Create colorful art that looks like fireworks. In advance, cover the tables to protect them from glue. Provide each child with a small paper cup of glue and a sheet of construction paper. Each child dips the craft sticks, toothpicks, or coffee stirrers into the glue and spreads thin lines of glue onto the construction paper to create patterns. The width of the line will vary depending on the type of stick used to spread the glue. Encourage the children to try starbursts, geometric shapes, flourishes, and spattered lines. After each pattern is made and before the glue dries, sprinkle glitter on the glue. Shake off excess glitter into a shallow baking sheet or trashcan. Repeat the process of gluing and adding glitter until the sky is filled with fireworks. Use different colors of glitter for each firework.
The Aurora Borealis is rarely seen in the Texas skies, but it does happen. Go to www.spacescience.com/headlines/images/brushfire/texas.jpg for an image of the April 6, 2000 sighting at the McDonald Observatory in Big Bend. Show some photographs, either online or from books and magazines, of the Aurora Borealis. Note that the colors look like they take shapes—curtains are vertical wisps of color, spirals look windblown. Allow children to paint their own Northern Lights.
- White watercolor paper
- Watercolors and brushes
- White crayons
Let the children use the white crayon to draw a few stars and then they should brush watercolors in streaks across the horizon. The paint won't stick where the crayon has been used. Instruct the children to gently tilt the paper around while the paint is wet so that the colors drip into each other a little bit. This will create a dramatic picture of the sky. Let the paper dry thoroughly.
Star Finger Puppet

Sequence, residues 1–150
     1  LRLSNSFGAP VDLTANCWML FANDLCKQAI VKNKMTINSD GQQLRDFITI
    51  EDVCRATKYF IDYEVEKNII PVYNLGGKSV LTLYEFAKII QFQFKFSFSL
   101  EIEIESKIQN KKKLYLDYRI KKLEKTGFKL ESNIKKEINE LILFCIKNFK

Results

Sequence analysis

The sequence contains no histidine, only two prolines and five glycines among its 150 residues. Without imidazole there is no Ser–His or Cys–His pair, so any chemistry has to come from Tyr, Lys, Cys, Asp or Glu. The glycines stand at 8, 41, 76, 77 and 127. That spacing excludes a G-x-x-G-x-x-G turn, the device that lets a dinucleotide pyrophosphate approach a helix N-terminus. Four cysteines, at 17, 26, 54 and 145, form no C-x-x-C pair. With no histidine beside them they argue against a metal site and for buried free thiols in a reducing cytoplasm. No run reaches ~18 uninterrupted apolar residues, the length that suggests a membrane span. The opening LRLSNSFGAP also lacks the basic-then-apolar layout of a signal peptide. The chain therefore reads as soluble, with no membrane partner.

Make the “Twinkle Star Finger Puppet” on page 18 in Crafts from Your Favorite Children’s Songs by Kathy Ross. If you do not have room to do this craft in the library, provide the instructions and materials for a make and take craft that can be done at home.
Purchase Glow-Max Paper which is available from Sax. This paper glows in the dark. Allow the children to use it to create a star mobile, star masks, or other glowing items.
Hold a “star party” after the library has closed. Borrow several telescopes from the science department at the local college or high school or from an astronomy club. Hand out star charts, available in many books or online at www.fourmilab.ch/yoursky/. This site allows you to print out guides for any location, date, and time of viewing. See how many constellations, planets, and stars the children can find in the sky. Be sure that you have plenty of adult supervision.
Invite a member of a local astronomy club to talk about constellations, nebula, black holes, and such. If you can't find a local club, check with community colleges and universities or www.astrosociety.org/resources/linkclubs.html.
Purchase sugar cookie dough or make your favorite recipe. Use a star shaped cookie cutter to cut the dough. Decorate with yellow, blue, and clear decorative sugar.
- "Fly Me to the Moon" on At the Bottom of the Sea by Ralph Covert.
- "Milky Way" on Down In The Backpack by Bill Harley.
- “Vincent” on Legendary Songs of Don McLean by Don McLean
Vincent Van Gogh: Getting to Know the World’s Greatest Artists. (23 minutes)
- The Arctic Theme page
- J. Paul Getty Museum: Space Art Through the Ages
- Star Charts
Sax Arts & Crafts